A tale of two halves. On the down side some weeks ago I rescued a swarm from a colony in Leicester that had clustered in an apple tree 10 yards from their hive. However, due to the occupier's lack of vigilance they had been in the rain for two days. I was able to scrape a few survivors from the grass and the bedraggled remains of the swarm were carefully clipped into a box and brought back to Donington for some R & R. I had thought they were doing well. Numbers were beginning to rise, there was some brood, the queen was moving well, pollen and nectar was coming in, all looked good. So I left them for a couple of weeks for holidays and stuff but now I've returned the hive is empty of life: just a couple of workers head first in comb, a sure sign of starvation. I had hoped they would pull through for a happy ending.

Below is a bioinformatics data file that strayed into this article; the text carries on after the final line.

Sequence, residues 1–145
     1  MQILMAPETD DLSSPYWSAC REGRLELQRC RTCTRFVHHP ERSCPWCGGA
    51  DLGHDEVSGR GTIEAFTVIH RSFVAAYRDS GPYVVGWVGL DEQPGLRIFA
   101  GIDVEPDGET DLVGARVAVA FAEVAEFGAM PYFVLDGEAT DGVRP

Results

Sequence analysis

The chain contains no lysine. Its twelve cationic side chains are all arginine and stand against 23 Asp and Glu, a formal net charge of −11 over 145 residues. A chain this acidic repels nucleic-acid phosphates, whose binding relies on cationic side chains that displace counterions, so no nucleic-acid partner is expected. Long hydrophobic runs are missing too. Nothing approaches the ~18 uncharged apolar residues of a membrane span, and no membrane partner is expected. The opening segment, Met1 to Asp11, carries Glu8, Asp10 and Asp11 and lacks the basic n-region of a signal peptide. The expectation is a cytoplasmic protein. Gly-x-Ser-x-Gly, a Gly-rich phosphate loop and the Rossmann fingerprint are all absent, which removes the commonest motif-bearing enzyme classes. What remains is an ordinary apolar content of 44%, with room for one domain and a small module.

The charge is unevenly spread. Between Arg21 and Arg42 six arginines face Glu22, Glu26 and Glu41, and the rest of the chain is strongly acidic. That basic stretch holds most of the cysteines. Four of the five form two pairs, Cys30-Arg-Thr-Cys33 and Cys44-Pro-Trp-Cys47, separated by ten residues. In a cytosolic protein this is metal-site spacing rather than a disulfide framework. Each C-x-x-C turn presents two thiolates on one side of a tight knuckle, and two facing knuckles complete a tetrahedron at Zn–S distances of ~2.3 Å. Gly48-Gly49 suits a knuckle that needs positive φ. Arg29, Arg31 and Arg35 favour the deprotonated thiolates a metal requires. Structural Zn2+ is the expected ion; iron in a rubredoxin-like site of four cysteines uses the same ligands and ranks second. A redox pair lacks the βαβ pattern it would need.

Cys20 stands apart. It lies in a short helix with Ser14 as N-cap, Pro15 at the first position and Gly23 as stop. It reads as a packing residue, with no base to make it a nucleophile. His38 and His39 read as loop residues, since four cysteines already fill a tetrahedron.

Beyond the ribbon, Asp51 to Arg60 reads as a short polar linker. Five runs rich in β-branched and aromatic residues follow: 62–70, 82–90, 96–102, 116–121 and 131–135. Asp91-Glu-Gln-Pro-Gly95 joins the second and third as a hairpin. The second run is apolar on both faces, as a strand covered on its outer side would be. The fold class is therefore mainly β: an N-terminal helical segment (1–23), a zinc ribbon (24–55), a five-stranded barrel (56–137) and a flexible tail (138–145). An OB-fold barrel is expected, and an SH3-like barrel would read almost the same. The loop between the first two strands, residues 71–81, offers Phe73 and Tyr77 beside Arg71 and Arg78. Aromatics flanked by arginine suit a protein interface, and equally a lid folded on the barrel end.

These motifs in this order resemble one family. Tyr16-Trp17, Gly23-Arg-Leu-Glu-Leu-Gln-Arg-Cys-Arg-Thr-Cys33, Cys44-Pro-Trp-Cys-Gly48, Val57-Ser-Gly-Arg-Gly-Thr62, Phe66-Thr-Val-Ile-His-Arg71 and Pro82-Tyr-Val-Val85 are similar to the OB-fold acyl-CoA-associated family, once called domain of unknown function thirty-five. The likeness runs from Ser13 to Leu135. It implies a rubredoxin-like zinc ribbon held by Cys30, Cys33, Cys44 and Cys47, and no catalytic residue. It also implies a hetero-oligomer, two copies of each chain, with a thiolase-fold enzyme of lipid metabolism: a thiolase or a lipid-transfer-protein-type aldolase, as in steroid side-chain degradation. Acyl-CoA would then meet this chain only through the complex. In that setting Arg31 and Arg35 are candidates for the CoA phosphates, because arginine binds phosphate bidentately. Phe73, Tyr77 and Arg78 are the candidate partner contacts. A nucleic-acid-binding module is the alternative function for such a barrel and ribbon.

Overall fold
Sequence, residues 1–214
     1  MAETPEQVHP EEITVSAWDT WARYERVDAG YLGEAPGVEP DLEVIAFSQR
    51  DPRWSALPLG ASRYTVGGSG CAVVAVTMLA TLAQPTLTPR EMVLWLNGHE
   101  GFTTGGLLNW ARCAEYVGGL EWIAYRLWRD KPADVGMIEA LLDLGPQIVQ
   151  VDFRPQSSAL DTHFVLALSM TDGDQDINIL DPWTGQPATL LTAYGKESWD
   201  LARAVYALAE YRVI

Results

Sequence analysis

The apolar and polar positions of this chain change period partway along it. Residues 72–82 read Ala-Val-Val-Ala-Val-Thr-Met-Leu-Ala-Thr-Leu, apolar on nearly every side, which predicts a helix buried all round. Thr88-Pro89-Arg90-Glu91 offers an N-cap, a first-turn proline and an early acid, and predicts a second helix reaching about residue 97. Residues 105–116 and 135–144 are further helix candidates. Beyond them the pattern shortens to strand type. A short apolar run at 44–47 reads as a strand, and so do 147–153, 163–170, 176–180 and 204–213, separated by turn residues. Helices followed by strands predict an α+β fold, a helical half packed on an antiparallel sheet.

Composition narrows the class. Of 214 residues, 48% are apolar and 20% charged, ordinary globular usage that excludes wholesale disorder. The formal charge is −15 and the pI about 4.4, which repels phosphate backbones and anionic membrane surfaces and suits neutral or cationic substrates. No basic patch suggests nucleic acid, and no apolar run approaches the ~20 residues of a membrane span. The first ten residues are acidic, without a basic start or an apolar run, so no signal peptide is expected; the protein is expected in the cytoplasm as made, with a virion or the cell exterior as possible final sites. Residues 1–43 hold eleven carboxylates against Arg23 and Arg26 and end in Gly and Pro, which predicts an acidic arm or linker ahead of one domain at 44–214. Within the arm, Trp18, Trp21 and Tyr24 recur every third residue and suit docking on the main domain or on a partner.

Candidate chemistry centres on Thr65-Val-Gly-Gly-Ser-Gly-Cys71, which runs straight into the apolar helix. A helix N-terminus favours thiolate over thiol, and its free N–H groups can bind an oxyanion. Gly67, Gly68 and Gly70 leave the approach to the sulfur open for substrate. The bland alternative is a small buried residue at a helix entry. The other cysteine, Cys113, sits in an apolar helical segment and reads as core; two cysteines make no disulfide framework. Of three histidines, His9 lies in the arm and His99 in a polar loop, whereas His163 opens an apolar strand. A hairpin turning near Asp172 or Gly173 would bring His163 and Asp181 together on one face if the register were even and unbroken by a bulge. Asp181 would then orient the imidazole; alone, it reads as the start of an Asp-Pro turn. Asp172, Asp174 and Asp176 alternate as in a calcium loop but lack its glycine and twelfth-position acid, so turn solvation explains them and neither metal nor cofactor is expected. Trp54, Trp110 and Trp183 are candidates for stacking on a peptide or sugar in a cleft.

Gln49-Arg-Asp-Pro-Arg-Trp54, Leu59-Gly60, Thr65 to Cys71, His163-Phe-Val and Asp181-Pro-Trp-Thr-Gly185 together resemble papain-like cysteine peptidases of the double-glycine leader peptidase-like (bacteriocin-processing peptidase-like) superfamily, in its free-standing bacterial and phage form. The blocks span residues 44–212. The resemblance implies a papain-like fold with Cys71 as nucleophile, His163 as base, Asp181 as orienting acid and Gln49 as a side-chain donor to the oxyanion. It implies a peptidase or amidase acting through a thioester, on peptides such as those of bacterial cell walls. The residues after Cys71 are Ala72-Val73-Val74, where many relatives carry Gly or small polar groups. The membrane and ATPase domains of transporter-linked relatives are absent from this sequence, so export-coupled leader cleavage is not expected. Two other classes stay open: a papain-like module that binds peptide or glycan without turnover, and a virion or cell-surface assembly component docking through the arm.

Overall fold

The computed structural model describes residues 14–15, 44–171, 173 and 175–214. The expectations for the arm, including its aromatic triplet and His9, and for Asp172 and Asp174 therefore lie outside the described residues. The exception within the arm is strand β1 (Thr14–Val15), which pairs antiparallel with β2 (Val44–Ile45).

On the plus side, Adam and I homed a swarm today, collected from Richard's garden (the fourth swarm in less than a year - his house must be on a lay line). Adam's hive is on the roof of his shed at the bottom of his lovely garden in Woodville. Whilst the colony had not expanded dramatically they had collected sufficient to be storing a surplus at the top of a couple of comb. This was more than enough to demonstrate that if they can get through the winter, with a bit of feeding they will do well next year. The bees were content to be moved and handled, despite my trepidation, as they had been quite noisy in their box on the way to their new home. I'm optimistic for this lot. Adam will be a conscientious custodian and the colony, though small, looked good - but I've thought that before haven't I?
Natural (more sympathetic/less interventionist) beekeeping will be a game of 'swings and roundabouts'. The loses of swarms au natural are very high, often over 50%, so in collecting them we shouldn't expect to be successful everytime. It's natural selection in action, still a shame though......